A Case For Automated Bidding
July 28, 2017
It is universally agreed upon that more power is better. More power means more control. It means more knowledge, more capability. Power means superiority. So, having more power over an AdWords account must mean that the account is in better hands, is in superior hands, is in more knowledgeable hands. A claim can be made that having complete power over an account’s bidding strategy lets the manager control budgets and costs per clicks and costs per conversions. All true. All in best practice. However, the situation where manual bidding fosters the most power—and thereby the most growth—of an account is when the account is well established, there’s historical data to know how the campaigns perform in the marketplace, and CPL and CPC goals are set based on that historical data.
I want to make the case for automated bidding, where power is taken out of my ever learning, ever fumbling hands into far more skilled and practiced hands—Google. Specifically, I want to make a case about the automated bidding strategy of maximizing for clicks, when the struggling accounts goal is just to get traffic and get the budget spent.
Google has power and uses that power in the auction to make keywords, ads, and ultimately a client the winner in the growing competition for attention. In my example, we had a lead gen client that was struggling. In all aspects of the account, it was struggling. We weren’t spending the budgets, ads weren’t showing up, we had no traffic, low CTR, we held next to no impression share, and if we did get a lead, our CPLs were crazily disproportionate to what we had guesstimating-ly projected. The client’s business was new, had no brand recognition, the market was saturated, and there was next to no historical data to know how campaigns would perform. We started with the usual account upkeep and maintenance. We changed out ad copy, we refined our keywords through SQRs, we did mobile exclusions, we did ad scheduling, continuing through the checklist of account best practices to improve performance. Just band aids. All of this patch up with very little to show for it.
This client, being lead gen, had a busy season before the start of the standard school year months. We needed to go into the busy season aggressively, we needed to not have any money left on the table, and we needed traffic. Automated bidding was our next strategy.
Maximizing for clicks works by solely focusing on clicks and staying within the budget cap. According to the Google help page (found here), maximizing for clicks achieves the following goals:
- You have an advertising budget you’d like to reach consistently.
- You don’t want to spend time monitoring and updating individual CPC bids, and you’re willing to let the AdWords system update CPC bids automatically.
- You’re mainly interested in increasing website traffic.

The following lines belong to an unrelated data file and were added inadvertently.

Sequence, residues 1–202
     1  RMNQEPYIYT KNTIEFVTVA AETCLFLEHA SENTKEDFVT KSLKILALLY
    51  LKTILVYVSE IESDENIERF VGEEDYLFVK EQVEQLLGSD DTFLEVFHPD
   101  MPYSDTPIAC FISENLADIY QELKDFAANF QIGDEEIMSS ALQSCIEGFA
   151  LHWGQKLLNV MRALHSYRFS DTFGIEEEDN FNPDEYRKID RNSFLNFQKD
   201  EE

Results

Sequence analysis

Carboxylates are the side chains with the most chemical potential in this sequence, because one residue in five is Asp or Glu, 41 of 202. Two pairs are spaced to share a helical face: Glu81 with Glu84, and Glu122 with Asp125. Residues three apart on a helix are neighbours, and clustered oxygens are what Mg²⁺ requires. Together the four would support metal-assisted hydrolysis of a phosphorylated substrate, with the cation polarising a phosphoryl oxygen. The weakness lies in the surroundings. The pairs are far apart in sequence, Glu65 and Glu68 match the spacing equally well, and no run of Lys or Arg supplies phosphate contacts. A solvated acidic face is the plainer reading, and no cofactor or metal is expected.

- You’re new to AdWords and don’t know exactly how much to bid for particular keywords or placements.
This checked off all our problems: 1. We needed to spend, spend, spend. 2. We didn’t have time since we were headed into the lead gen Christmas season. 3. We desperately needed website traffic. 4. These campaigns were new and we didn’t know how expensive our non branded keywords would be. Where we needed to spend budget, it spent. Where we were limited by budget, it strategically spent only what was needed for a click.
Clicks increased by 99.11%. CTR increased by 10.90%. In one week. Emphasis on one. By the end of the month, we had steadied our CPL, were on track in lead goal, and had spent the entire budget. The following month proved even better; at the end, we had increased traffic by 15.94% and had doubled our search impression share from 34.51% to 64.76%.
With this strategy in place, we were able to go to the client and say that our bidding strategy was working. We could explain more about what was happening in the auction, we had better data, and we had a better idea of what non branded keywords would cost. We took what we learned from this paid search campaign and applied it to all campaigns that were struggling in the account, and account-wide, we had an overall increase of 49.57% of clicks and held 53.34% of search impression share. This was a huge win for a client with a new business entering into a market segment that had tough, widely recognized, and long-standing competitors.
It is hard to give up power. It is hard to recognize when something isn’t working, when to call it quits, and when to give it over to someone (or some computer) that is more knowledgeable and capable. But in the case of newness and the unknown, giving over power of an account to Google was a strategic decision that allowed us to gather concrete data and knowledge to bring to the client so that in the lifetime of the client’s account, we can better predict how they stand in the market place.
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